In June of 2018, a Virginian restaurant refused to serve White House Press Secretary Sarah Sanders, igniting a conversation about civility within the Republican Party. Many Democrats scoffed at the Republicans’ hypocritical outrage. Then-candidate Donald Trump had joked about imprisoning Hilary Clinton. Clearly, the lack of civility exists on both sides.

The sensationalism of modern newscasts reflects their true priority: ratings. This trend also exists in online media. The number of people who click on an article or subscribe to a newspaper determines the economic success of that medium.

The emphasis on bold, controversial titles attracts more clicks and viewers but forms stronger opinions and first impressions, leading to further division between viewers with opposing politics. Vice Media, for example, makes controversial and outlandish claims without much factual backing to increase its bottom line. It operates this way because viewers are more likely to click on outrageous titles than investigate simple facts. Tragically, in a time of information overload, many people do not read past the headline, which then becomes accepted as fact.

The Society for Professional Journalists’ code of ethics states that journalists should “take responsibility for the accuracy of their work.” Because these provocative titles become regarded as fact by some viewers, Vice Media must take responsibility for the incivility fostered by its sensationalized reporting.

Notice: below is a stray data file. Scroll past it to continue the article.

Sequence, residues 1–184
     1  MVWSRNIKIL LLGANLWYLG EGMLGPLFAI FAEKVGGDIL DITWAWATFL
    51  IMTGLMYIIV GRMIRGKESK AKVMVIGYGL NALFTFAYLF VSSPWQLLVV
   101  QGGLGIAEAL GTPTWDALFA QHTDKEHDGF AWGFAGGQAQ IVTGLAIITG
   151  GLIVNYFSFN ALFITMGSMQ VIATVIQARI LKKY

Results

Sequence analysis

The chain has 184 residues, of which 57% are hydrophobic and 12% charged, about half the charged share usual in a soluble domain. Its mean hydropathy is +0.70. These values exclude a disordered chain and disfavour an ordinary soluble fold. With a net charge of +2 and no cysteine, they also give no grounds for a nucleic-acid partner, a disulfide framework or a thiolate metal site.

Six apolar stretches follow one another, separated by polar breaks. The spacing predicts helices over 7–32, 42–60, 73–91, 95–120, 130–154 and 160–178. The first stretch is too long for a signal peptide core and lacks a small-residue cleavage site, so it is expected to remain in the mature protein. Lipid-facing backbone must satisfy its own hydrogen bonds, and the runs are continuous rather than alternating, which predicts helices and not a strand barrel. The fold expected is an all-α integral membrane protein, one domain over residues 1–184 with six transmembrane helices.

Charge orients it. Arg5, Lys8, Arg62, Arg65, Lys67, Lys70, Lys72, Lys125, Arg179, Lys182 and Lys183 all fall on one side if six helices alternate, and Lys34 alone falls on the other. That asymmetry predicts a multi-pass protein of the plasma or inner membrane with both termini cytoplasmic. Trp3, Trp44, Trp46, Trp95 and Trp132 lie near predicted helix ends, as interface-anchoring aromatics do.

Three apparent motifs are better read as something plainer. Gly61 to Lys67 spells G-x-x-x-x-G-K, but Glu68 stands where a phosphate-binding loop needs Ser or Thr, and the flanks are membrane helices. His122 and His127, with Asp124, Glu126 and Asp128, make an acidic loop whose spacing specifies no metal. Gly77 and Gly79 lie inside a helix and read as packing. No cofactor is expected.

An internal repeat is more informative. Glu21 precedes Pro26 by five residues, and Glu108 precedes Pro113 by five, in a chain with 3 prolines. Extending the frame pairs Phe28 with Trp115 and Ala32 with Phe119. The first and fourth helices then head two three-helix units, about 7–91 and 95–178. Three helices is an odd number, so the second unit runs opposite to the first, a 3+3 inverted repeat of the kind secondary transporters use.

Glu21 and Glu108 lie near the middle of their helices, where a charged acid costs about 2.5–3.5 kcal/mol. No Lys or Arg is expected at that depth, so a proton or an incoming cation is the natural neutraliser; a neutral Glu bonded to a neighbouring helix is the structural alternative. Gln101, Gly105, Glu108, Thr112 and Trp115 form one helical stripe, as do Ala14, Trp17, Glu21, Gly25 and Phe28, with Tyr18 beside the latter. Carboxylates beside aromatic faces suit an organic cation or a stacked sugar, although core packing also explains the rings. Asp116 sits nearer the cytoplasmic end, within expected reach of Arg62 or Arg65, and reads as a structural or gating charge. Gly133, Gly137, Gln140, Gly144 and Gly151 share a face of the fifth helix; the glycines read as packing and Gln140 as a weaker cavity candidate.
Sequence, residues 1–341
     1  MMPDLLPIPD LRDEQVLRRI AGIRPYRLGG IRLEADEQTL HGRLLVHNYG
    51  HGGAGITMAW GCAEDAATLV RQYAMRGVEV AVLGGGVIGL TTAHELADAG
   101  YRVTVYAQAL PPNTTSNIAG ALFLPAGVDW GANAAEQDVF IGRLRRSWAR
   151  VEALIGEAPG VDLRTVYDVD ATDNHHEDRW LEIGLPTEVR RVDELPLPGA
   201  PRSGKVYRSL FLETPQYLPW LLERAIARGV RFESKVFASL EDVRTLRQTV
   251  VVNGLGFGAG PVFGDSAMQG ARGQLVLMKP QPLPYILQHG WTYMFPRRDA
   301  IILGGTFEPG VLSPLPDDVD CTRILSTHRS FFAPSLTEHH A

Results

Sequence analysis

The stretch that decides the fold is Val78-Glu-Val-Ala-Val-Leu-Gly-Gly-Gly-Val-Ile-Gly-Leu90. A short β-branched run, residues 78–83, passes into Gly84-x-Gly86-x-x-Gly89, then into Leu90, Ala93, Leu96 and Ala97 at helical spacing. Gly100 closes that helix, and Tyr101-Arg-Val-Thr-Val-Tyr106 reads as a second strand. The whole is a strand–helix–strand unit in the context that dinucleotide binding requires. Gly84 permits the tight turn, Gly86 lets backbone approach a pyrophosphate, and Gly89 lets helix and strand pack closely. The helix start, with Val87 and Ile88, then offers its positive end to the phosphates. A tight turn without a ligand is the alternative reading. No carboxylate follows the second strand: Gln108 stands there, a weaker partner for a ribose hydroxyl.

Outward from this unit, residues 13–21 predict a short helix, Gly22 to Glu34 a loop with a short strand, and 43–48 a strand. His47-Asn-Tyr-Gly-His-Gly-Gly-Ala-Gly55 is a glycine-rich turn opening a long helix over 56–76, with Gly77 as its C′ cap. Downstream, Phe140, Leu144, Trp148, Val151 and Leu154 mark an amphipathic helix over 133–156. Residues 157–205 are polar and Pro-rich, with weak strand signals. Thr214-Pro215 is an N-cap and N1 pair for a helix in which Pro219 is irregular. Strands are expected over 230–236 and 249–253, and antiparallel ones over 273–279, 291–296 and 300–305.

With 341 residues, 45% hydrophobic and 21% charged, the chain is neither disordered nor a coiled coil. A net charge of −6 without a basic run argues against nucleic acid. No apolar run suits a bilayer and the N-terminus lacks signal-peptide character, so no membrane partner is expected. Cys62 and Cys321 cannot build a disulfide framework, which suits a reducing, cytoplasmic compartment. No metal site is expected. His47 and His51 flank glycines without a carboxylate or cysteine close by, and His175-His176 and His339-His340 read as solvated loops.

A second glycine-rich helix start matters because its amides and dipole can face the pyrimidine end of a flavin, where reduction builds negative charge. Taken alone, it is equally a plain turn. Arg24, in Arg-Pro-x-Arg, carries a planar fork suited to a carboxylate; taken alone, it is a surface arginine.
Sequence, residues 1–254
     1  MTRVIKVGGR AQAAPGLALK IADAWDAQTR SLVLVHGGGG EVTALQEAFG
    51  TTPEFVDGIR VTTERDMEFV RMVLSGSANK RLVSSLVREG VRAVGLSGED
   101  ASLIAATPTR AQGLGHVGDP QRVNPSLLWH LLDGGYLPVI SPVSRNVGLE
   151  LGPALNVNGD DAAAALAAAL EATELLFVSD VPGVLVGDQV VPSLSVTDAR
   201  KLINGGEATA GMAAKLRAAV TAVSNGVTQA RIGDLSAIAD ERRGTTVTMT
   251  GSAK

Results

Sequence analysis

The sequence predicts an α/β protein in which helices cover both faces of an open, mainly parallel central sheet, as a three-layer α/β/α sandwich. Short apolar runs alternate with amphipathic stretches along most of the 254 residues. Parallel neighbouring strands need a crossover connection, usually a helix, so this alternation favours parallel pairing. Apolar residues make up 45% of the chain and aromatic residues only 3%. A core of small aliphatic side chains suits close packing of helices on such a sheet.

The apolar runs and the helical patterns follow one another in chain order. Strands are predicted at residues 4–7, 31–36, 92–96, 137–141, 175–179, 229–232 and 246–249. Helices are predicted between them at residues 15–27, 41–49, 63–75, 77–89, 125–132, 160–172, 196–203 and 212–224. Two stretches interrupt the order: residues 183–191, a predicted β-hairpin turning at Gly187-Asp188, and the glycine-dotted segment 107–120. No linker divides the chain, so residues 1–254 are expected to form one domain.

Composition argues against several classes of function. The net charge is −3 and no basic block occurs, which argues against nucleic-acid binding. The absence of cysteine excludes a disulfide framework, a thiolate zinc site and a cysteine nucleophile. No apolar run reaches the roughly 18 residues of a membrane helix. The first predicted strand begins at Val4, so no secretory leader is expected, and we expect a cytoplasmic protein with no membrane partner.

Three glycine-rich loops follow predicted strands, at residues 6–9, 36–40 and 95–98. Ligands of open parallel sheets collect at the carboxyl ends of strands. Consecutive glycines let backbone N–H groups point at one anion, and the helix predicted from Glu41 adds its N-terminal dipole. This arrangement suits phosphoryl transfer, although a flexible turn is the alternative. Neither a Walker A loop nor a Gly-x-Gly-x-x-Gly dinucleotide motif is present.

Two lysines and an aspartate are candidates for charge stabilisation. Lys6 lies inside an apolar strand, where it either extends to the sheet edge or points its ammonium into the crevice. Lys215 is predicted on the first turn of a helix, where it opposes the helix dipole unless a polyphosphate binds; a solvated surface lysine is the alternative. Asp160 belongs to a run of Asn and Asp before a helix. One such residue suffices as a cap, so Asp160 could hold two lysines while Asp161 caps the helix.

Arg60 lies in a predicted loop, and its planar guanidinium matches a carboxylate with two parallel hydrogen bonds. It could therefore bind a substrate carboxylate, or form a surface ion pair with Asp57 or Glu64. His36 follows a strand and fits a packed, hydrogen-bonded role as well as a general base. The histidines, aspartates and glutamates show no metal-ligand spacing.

The media have a responsibility to encourage civility. Fox News, as an example, flouts this responsibility by heavily stressing the corruption of the Democrats and the perfection of Donald Trump and his administration, even at the cost of truth and integrity.

By creating animosity among its viewers, Fox News generates a dangerous mob mentality and encourages increased hostility based on party identification rather than on policy. Fox News and other such news outlets demonize the Democratic Party to create antagonism along party lines, furthering the divide that already splits the nation. Especially when politics touches every discussion necessary for change, the nation’s future, much like a family Thanksgiving dinner, cannot afford animosity at the very mention of disparate political views.

Republican President Reagan and Democratic Speaker of the House Thomas Phillip “Tip” O’Neill heartily disagreed on policy. However, they looked past their differences as politicians to become friends once the work day ended. This act of civility, like those that once defined Utah Sen. Orrin Hatch’s bipartisan legacy, starkly contrasts with the current political scene, where the president jokingly threatened to arrest Hilary Clinton on the campaign trail.

The shift from the civility of past administrations to the hostility of today’s politics is, in part, due to the rise of media like InfoWars and Vice Media and their disregard for civility and the truth in pursuit of monetary gain and partisan politics.

To promote civility, the media should report facts, pen accurate titles and avoid demonizing politicians or their parties. Civility is an end in itself, but cannot exist when the media drive wedges through “purple” communities, attack political foes or make egregiously false claims for the sake of publicity or monetary gain.

The country’s political landscape once supported civility between political opponents, and though times have changed, two things that have not are the spirit of democracy and the ability of the American public to strive for positive change in a civil manner.

Laura Summerfield | Rowland Hall High School

Laura Summerfield is a junior at Rowland Hall High School, Salt Lake City. This essay won first prize in this year’s Westminster’s Honors College Essay Contest.